Tips to Master the Art of Smoking (Meat)
Smoking meats and other types of food is a low and slow process of cooking that uses smoke to add flavor and tenderize meats.
It is seen as an art by BBQ experts, but also seen as intimidating by people who are new barbecue enthusiasts. However, smoking foods does not have to be intimidating.
Chef Tony Matassa over at BBQGuys®, the nation’s leading online grilling retailer, has given us the low-down on how to get it right. BBQGuys® have helped people host barbecues since 1998 and pride themselves in carrying high-quality products that help consumers perfectly smoke food and enjoy their outdoor living space.
Chef Tony joined the team with relentless energy and incredible knowledge of food science that originated in his family’s New Orleans restaurant.
After running his own restaurant in the early 2000s, he joined BBQGuys® as a jack of all trades and master of many – including smoking meats.
Chef Tony now has more than 10 years of experience test-driving every possible type of grill and smoking all sorts of meats.
For those that are looking to get into the world of smoking meats and need a starting point, here are ten of Chef Tony’s secrets to getting the best smoked foods:
- Go indirect! Most of the items that you’ll want to smoke should be cooked over indirect heat. Don’t forget that you can still add smoke flavor to items that normally get cooked over direct heat by cooking with wood or using wood chips.
- Never, ever rush the process!
- Use a water pan. This doesn’t mean you necessarily have to use water in it. When whatever you are cooking starts to dry out, it absorbs less smoke. Keeping it moist helps it absorb smoke flavors easier, and water pans help with this. However, I also like to mist the food every couple of hours with equal portions of cider vinegar and water to create even more moisture.
- Don’t overdo the smoke. Too much wood can make the food taste bitter.
- White smoke is the objective. Black smoke means you’re probably burning the juices and overcooking your food.
- Many smokers today employ automation and even smartphone apps to help you keep track of your progress. That doesn’t mean you can go out dancing while your food is cooking – stay nearby to ensure you’re staying on top of any needs as the meat smokes.
- Low and slow means don’t try to speed things up – let the meat take its time. We assure you, you’ll be happy you did when you taste the finished product.
- Be sure to manage your airflow properly to maintain a stable temperature. Too much air flow will result in too hot of a fire and the fire will spread too fast to unburned wood and larger particulates and more of them will be released into the air allowing moisture to adhere to them as well as creosote.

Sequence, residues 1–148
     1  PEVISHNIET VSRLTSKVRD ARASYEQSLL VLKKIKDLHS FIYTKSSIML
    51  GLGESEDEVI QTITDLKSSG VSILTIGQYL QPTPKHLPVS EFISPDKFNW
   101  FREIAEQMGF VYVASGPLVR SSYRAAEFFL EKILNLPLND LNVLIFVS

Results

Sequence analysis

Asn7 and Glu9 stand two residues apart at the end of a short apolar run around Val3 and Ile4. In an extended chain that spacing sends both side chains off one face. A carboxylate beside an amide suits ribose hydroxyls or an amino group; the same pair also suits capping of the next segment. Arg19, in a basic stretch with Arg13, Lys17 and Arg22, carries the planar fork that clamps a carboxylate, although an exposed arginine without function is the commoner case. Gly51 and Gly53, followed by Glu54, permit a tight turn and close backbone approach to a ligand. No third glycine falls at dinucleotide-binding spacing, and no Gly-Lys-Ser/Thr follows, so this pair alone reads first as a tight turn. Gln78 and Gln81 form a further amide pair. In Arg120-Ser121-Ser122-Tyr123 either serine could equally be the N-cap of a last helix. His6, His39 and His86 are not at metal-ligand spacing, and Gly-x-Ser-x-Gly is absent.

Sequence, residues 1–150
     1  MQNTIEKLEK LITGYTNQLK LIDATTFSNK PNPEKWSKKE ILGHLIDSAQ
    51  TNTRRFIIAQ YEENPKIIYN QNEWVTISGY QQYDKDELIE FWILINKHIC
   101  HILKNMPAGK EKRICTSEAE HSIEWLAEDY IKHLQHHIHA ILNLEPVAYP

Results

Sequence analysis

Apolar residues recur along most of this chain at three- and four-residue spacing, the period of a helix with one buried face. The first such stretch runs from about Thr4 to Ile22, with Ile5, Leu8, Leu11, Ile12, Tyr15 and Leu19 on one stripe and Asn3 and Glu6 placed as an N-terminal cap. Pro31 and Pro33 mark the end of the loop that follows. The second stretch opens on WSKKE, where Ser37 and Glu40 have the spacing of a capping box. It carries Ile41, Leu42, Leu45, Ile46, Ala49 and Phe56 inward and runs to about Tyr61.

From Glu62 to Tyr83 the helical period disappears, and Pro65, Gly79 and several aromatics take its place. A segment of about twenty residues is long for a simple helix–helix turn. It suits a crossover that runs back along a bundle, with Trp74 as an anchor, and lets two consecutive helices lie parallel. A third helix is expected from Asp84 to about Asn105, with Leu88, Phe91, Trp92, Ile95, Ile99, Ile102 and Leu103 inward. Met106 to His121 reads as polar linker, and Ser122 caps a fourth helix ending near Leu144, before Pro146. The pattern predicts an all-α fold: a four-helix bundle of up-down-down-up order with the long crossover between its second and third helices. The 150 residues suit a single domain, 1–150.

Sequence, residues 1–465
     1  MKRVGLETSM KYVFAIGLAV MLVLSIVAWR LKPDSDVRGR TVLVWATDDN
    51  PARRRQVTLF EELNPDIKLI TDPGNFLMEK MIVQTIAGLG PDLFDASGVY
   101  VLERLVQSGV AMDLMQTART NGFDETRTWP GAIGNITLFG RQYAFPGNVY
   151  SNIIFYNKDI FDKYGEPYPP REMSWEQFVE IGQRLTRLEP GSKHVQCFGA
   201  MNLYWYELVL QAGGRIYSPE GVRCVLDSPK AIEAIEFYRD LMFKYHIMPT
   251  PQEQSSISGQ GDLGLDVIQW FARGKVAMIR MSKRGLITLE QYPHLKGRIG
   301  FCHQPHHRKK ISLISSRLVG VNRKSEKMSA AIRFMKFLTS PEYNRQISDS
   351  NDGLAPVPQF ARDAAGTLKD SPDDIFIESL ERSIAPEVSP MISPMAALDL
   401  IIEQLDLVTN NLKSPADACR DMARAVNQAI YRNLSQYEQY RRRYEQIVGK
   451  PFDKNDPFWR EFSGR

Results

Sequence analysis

- A dark crust on your meat isn’t a bad thing. This “bark” is the result of fat and spices combining with smoke to give you a caramelized crust.
- Open the lid only when you need to tend the fire or the food. “Peeking” can cause your temperature to drop significantly, and it will have to be built back up.
But where do you start when purchasing a smoker!? With so many types of smokers on the market today, we know picking the right one can be tough.
Through 20 years of testing and selling barbeque smokers, BBQGuys® knows there are key factors to consider when you’re looking for a smoker to create that tender, fall-off-the-bone goodness everyone strives for.
Here are the three important categories we consider when compiling the best of the best in smokers:
- Value – A smoker’s value shouldn’t be based solely on price. It’s one of the factors to consider when determining value, but you should also look at each smoker’s features, design, functionality, engineering and quality of materials.
- Durability – Some smokers are built with more economic, lower-quality components like painted steel or low-grade parts that’ll eventually be broken down by the elements. That’s why it’s important to consider smokers made of durable materials such as 304 stainless steel or cast aluminum that will never rust or corrode. You may pay more up front for smokers like these, but you’ll enjoy better performance and longevity in the long run.
- Performance – Smokers that cook the best have wider temperature variances, more even heat distribution and are sealed tight to hold in smoke. The smokers that we prefer excel at retaining heat, creating smoke and producing tender, delicious barbeque.
With all these tips in mind, we have no doubt you can become the best smoker on the block just in time for prime barbequing and smoking season!